Head Men's Basketball Coach – Pratt Cannoneers
“Belichick has left it to others to fill in the blanks behind his gloomy facade, and the effects of his success — admiration, animosity, loyalty, jealously — have created wildly divergent portraits. On Thursday night inside Gillette Stadium, the Patriots will open the season against the Pittsburgh Steelers, and Belichick will begin the defense of his fourth Super Bowl victory. He is 63 years old, the third-oldest coach in the NFL behind Tom Coughlin and Pete Carroll. Entering his fifth decade in the league, Belichick remains at the fore of NFL innovation. Defining him — and the roots of his success — remains elusive.”
There is an inner conflict that I believe I have finally settled, between being a New York Jets fan and a passionate Wesleyan employee. While the Jets will never peer over the line of scrimmage and see a group of 11 Wesleyan Cardinals staring back on defense, they will look across the field and see a Wesleyan graduate on the sideline at least twice this season.
Wesleyan boasts alumni in every field, from film (Joss Whedon, Michael Bay, etc.) to politics (John Hickenlooper Jr., Peter Shumlin) to the chief wine critic for The New York Times (Eric Asimov). Perhaps the most well known though, is Bill Belichick, the current head coach of the New Patriots and a three-sport athlete at Wesleyan University in the class of 1975.
Belichick played football, squash and lacrosse in his time as a Cardinal. He has, of course, gone on to more than modest success post-graduation, winning four Super Bowls with the Patriots and earning the unofficial distinction as the best football coach of our generation.
As a fan of the Jets, I should have a disdain reserved for Belichick that maybe only Richie Kotite and John Idzik have seen recently. I don’t though. I certainly hate when the Jets get beaten up on by the Patriots, but I think I’ve finally come around to the fact that instead of disliking Belichick, I actually have a ton of respect for his competitive fire and long-term success he has achieved with a previously dilapidated franchise.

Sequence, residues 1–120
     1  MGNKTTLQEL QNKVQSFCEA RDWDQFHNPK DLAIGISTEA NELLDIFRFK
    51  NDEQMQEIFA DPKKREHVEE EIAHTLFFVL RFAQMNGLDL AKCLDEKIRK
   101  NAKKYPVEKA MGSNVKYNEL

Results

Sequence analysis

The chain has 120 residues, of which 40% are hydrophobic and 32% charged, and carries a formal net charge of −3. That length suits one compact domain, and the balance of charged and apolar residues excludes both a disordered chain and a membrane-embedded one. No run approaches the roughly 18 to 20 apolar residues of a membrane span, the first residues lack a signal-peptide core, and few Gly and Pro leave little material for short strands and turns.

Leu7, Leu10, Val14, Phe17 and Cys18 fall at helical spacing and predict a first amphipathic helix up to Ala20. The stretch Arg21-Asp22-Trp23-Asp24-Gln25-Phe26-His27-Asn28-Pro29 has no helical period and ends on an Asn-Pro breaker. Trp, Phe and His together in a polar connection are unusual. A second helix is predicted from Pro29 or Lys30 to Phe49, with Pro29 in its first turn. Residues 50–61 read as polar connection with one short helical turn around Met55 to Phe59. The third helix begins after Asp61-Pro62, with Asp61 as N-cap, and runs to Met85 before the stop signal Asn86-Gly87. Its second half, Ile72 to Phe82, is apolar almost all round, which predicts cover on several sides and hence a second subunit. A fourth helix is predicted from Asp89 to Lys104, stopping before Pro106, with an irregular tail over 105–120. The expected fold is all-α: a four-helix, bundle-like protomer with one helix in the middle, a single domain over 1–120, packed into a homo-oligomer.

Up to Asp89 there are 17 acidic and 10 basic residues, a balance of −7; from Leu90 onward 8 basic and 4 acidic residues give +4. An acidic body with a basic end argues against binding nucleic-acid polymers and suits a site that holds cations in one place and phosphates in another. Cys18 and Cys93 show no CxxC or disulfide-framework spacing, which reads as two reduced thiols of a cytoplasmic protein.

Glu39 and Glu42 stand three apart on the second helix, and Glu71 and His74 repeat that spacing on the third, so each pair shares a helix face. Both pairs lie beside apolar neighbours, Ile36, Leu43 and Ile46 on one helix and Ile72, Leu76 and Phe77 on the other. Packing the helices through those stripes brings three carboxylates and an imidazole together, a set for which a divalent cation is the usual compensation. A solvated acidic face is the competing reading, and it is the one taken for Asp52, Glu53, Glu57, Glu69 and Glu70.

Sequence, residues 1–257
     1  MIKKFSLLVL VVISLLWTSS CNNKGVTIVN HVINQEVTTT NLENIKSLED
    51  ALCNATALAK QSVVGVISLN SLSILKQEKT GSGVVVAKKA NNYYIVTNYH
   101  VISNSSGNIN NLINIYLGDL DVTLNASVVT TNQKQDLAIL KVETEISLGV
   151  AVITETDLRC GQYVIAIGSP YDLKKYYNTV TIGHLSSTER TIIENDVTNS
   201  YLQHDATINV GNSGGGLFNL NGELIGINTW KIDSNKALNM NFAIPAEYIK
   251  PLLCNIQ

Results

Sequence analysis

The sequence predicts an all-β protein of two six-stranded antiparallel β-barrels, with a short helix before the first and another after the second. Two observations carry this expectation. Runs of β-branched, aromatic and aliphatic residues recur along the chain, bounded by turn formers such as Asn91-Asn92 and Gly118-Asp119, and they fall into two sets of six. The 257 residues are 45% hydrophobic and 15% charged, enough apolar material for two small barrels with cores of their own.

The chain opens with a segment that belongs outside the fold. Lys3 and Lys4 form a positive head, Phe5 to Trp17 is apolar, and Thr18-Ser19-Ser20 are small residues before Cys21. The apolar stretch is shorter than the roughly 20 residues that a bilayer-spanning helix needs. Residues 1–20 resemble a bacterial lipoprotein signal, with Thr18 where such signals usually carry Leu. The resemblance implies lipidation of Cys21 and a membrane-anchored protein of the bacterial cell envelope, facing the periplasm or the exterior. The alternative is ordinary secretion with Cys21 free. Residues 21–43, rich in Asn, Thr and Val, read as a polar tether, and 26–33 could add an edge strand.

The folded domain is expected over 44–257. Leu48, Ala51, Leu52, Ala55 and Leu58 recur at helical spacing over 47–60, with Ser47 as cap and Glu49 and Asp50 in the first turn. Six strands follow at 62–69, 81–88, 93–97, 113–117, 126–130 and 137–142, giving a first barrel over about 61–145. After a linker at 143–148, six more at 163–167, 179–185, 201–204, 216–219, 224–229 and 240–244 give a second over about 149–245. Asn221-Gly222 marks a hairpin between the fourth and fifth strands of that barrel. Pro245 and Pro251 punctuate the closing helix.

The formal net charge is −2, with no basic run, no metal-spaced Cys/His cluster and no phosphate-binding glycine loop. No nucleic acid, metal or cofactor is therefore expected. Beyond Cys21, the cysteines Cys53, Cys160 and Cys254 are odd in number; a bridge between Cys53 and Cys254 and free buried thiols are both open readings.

For the sake of full disclosure, as the article states, Belichick is close with our athletic director Mike Whalen and gives back to Wesleyan in different ways. Only having worked here for a bit over a month and not having been directly benefitted by Belichick, I’m coming around on the coach, not thanks to my new employer, but because of the no-nonsense way he goes about things and gets the job done.
I loved the way he broke down film as a 10-year-old, the way he avoids distractions at all costs and his precision in coaching every player on every little detail. The article talks about a moment when Heath Evans took an “imprecise angle” on a block during a kickoff return and how not only did Belichick notice the mistake in live action, he corrected it himself. Most coaches would not only have missed that until seeing it on film days later, but those that did see it would have passed it off to a special teams coach more often than not. I don’t see it as micro-managing, but rather accountability and attention to details. If you see a mistake, correct it, whether that mistake allows a touchdown or has no effect on the play.
As for the cheating accusations, I have no real evidence either way. Deflategate was sorted out (sort of) and certainly inquisitive minds may want to further explore ESPN’s findings about past filming practices, but I find it hard to believe that following all the scrutiny being placed on his organization, Belichick and the Patriots would have messed with Mike Tomlin and the Steelers’ headsets in week one.
Forget the cheating though. Even if Belichick was not playing by the rules, the culture he has created and nurtured is amazing. It’s completely based on selflessness and winning and putting the team first, second AND third. The next-man-up mindset is remarkable (see Troy Brown playing cornerback and Matt Cassell going 11-5 in a season as quarterback). His players seem to love him and he has been the driving force behind one of the two greatest quarterbacks of our era.
So sure, like the article says, let the media and fans form their opinion of Belichick and tell his story. I’m going to stay out of it as well. All I’ll be doing is studying the mastermind’s motivational techniques, and culture formation and habit-building plans.